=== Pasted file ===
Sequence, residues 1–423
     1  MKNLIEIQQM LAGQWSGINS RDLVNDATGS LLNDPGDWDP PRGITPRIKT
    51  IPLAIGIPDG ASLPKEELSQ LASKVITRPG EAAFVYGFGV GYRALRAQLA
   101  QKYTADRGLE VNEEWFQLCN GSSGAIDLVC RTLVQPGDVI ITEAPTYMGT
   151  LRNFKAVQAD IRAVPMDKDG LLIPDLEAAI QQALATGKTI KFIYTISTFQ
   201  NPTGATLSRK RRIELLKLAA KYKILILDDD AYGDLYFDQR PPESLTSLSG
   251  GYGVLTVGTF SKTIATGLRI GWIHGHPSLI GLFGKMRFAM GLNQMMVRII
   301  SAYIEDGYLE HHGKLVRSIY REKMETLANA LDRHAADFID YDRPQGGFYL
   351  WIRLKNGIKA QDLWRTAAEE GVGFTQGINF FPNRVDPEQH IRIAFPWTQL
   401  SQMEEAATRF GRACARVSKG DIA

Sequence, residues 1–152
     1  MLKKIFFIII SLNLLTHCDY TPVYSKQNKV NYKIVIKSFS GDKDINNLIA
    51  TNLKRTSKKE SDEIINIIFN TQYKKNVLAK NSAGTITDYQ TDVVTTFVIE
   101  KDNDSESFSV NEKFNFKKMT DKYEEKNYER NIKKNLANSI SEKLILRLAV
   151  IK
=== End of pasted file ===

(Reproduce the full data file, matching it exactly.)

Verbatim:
Sequence, residues 1–423
     1  MKNLIEIQQM LAGQWSGINS RDLVNDATGS LLNDPGDWDP PRGITPRIKT
    51  IPLAIGIPDG ASLPKEELSQ LASKVITRPG EAAFVYGFGV GYRALRAQLA
   101  QKYTADRGLE VNEEWFQLCN GSSGAIDLVC RTLVQPGDVI ITEAPTYMGT
   151  LRNFKAVQAD IRAVPMDKDG LLIPDLEAAI QQALATGKTI KFIYTISTFQ
   201  NPTGATLSRK RRIELLKLAA KYKILILDDD AYGDLYFDQR PPESLTSLSG
   251  GYGVLTVGTF SKTIATGLRI GWIHGHPSLI GLFGKMRFAM GLNQMMVRII
   301  SAYIEDGYLE HHGKLVRSIY REKMETLANA LDRHAADFID YDRPQGGFYL
   351  WIRLKNGIKA QDLWRTAAEE GVGFTQGINF FPNRVDPEQH IRIAFPWTQL
   401  SQMEEAATRF GRACARVSKG DIA

Sequence, residues 1–152
     1  MLKKIFFIII SLNLLTHCDY TPVYSKQNKV NYKIVIKSFS GDKDINNLIA
    51  TNLKRTSKKE SDEIINIIFN TQYKKNVLAK NSAGTITDYQ TDVVTTFVIE
   101  KDNDSESFSV NEKFNFKKMT DKYEEKNYER NIKKNLANSI SEKLILRLAV
   151  IK